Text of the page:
It’s been a while since I addressed the issue of whether churches should build more facilities or plant new churches. The trend in established churches is unfortunately, an unquestioned embrace that “bigger is better.” However, as I’ve said in previous entries in this series, it’s obviously not wrong to build or expand ministry facilities. What I’ve tried to advocate is a thoughtful, missional strategy for a growing church.
With that said, let’s look at the next reason why many churches choose building over planting:
- Desire for achievement, recognition, or status
While we see these selfish grasps for ambition more easily in individuals, they are just as apt to be present in a myopic organization. It’s the unspoken motivation of wanting other churches and ministries to “look how good we are…” What began as joyful response to God’s blessing in growth morphs into an unhealthy organizational self-love that devolves into self-promotion and neglect of assisting the development and extension of the kingdom of God in the world. Rather, it focuses only on what will make itself look good or earn other’s envy.
If church leaders aren’t zealous self-examiners, they may unintentionally begin using their church as a way to prop up their own ministerial resumes. Church growth becomes a means to earn the approval and respect of other churches and leaders.
Because the church itself benefits from this growth and activity in obvious ways (new facilities, new ministries, a wide range of social activities, and a feeling of success), its members too fall prey to this type of thinking and become mindless advocates for the progress of their own church.
It doesn’t matter that sister churches in the area might be blessed from some of their abundant resources. They are unaware of the urgent needs of missionaries overseas. Strategic thinking about how Christ might desire them to minister and connect with His larger body is conspicuously absent.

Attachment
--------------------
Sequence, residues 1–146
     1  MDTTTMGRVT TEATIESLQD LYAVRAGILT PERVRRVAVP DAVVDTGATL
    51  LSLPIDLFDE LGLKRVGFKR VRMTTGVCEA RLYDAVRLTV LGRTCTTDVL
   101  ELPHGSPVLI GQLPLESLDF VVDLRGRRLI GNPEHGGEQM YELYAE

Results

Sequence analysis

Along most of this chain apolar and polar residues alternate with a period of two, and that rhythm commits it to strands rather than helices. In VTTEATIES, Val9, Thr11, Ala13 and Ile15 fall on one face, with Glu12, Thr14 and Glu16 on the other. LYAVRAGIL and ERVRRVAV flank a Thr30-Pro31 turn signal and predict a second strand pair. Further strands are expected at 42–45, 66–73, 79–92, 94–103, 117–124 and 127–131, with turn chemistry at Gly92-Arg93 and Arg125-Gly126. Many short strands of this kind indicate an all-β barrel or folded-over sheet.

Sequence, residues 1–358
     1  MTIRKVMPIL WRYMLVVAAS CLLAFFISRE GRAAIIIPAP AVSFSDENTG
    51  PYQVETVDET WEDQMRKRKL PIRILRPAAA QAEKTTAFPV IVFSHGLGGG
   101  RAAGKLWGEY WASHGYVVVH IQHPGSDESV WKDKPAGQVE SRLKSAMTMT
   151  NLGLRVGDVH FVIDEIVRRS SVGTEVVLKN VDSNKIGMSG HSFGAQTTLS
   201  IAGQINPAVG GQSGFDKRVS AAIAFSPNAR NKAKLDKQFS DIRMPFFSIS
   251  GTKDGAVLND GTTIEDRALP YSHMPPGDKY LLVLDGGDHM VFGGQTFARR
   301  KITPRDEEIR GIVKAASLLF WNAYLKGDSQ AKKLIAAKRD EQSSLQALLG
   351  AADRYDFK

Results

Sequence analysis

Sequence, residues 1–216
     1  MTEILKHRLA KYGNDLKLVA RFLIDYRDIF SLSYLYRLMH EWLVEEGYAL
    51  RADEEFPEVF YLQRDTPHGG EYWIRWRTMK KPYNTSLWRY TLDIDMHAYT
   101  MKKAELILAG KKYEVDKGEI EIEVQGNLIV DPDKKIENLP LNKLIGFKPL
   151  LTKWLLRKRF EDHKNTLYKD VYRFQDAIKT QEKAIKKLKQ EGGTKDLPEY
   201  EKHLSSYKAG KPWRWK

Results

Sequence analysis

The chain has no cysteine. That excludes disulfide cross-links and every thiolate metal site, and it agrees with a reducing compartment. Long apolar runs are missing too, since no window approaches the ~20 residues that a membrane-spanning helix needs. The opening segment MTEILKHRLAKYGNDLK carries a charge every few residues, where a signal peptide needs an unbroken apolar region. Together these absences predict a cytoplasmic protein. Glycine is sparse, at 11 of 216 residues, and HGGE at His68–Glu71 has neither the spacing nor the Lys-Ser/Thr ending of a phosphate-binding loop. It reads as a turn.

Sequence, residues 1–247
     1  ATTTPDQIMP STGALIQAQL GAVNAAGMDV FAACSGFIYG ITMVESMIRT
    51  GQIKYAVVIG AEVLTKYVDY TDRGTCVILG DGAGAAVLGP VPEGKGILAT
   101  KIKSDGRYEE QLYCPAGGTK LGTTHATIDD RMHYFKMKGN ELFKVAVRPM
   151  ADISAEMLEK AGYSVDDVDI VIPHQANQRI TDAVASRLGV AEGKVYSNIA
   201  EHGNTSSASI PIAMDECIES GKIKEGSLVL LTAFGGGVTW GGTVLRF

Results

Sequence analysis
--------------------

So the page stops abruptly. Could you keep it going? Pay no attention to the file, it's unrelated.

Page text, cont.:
Money, time, and resources are invested and spent internally – and on projects endorsed or developed by that one church. If the idea doesn’t originate from within, it becomes unworthy of consideration or investment. It’s not that the church isn’t doing wonderful things, but in the long run, it is running a one-horse race to win achievement, recognition, and status.
One of the reasons that it’s exceedingly difficult for churches to consider starting a new church rather than building or expanding is due how exceedingly difficult it is to plant a new church. It will take resources, manpower, more prayer than ever before, the generosity of allowing current members to go with the new church plant, etc.
Most of us pastors don’t thrill at the idea of “losing” key leaders. But that’s what beginning a new church often does. In joy and grace, we lovingly release some of our best and brightest to ensure the health and guidance of the new plant. Of course, there are other folks that we’d love to “send out” to a new church, but that would bless the mother church and curse the daughter church. 😉
We also don’t get charged up about allocating significant resources from already-tight budgets to another church plant. It doesn’t “benefit” the main church. But perhaps that’s another precise reason why church planting should be done. It’s selfless. It’s a recognition that if previous leaders hadn’t invested in us, our own church wouldn’t exist today.
In short, church planting may actually be one of the primary tools that we can use to kill the sinful selfish desire for achievement, recognition, or status.
On this day...
- Everything could change.. what COVID-19 has done for us - March 19, 2020
- How the coronavirus could reshape the university system - March 11, 2020
- Tribute: Dr. W.O. Vaught - March 1, 2020